Can't work with them, can't… well, you know the rest.
I know that is going to rub all of you the wrong way, but it had to be said. While my compatriot Patrick: The Customer Service Fanatic sees the benefits of huge benefits of valuing customers and working to meet their expectations, there is a flipside to this. Customers must realize that businesses – especially professional services businesses – are customers too. Unlike your local grocery store, gas station, or bar, a professional services business can decide to not accept you as a customer. Without trying to sound like a pompous ass, here are some tips to being a good customer:
- Contract Negotiation – While CaseySoftware works to provide accurate and timely quotes and estimates, they are not infallible. As a rule, there is an “uncertainty factor” applied to all quotes. Attempting to negotiate this away is a risk to both sides. For hourly quotes, there's no point as any reduction of estimates does not reduce the amount of work. For fixed-priced bids, this is simply dangerous for the business.
- Timely Responses – When a project is top priority to you, a respectable business will work to make it top priority to them. This may mean that you pay a “rush” fee, but more importantly, it means that they will align their resources to meet your goal. Respect this by responding to questions promptly. If you do not, we suspect that the project is of a lower priority than initially described. This goes doubly so for the signing and returning of contracts because we don't start until it's signed.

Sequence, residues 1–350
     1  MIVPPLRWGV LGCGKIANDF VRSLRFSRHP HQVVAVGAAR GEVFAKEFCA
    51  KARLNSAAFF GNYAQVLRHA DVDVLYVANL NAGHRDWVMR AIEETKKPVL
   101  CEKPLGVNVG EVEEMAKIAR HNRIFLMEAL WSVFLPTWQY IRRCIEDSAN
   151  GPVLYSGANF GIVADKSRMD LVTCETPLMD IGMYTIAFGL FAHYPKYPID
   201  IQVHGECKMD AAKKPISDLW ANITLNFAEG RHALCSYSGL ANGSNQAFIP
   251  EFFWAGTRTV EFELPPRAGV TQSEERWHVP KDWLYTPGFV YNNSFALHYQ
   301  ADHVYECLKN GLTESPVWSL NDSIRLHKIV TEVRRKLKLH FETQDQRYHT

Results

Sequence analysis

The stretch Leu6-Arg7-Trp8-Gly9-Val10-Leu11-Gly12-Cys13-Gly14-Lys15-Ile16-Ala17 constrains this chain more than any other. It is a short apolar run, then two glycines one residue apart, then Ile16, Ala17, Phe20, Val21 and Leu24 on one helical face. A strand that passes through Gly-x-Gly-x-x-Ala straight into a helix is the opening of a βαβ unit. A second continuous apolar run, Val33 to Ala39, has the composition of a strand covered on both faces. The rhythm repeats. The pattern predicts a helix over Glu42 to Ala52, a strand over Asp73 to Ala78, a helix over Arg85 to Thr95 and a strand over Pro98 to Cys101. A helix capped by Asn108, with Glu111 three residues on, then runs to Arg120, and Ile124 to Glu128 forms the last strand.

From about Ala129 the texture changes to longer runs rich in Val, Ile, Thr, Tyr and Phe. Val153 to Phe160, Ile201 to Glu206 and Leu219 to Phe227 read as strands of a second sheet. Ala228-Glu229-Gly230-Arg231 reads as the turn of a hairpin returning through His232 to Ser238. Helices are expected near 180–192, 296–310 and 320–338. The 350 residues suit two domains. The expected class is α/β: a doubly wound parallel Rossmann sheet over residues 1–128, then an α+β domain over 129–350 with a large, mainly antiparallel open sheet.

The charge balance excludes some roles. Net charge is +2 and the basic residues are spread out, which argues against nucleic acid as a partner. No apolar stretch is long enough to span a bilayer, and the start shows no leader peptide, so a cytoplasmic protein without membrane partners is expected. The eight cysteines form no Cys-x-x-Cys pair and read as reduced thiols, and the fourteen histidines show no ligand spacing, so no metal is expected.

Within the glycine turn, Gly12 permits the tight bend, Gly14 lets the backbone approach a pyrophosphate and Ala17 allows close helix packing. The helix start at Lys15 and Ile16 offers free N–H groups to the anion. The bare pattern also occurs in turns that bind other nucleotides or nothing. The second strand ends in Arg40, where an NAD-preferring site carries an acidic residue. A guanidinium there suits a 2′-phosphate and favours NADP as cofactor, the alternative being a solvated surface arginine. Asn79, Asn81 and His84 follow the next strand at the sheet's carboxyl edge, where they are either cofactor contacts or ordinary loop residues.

- Make Information Available – In all CaseySoftware proposals, there is a section labelled “Open/Unresolved Issues.” This clearly enumerates issues brought up by the customer or us that have yet to be determined. Some of these are purely preference issues such as theme selection, but others are fundamental to successful deployment such as obtaining a credit card merchant account or providing complete content.
- Revenue Flows – Every business book I have ever read has said something along the lines of “If your suppliers say they have Net 30 payment, pay after 60 days!” This may be great for keeping liquidity, but the funds should already be allocated and you are simply damaging relationships. When a supplier only has 100 of an item and you – My Net 60 Payer – and your competitor – Ms. Net 30 Payer – both order that same 100, who will get that 100 items?
By no means am I trying to insult customers. In fact, I am one. I'm trying to point out the reality of the situation.
Just remember though, as you are evaluating us, we are evaluating you.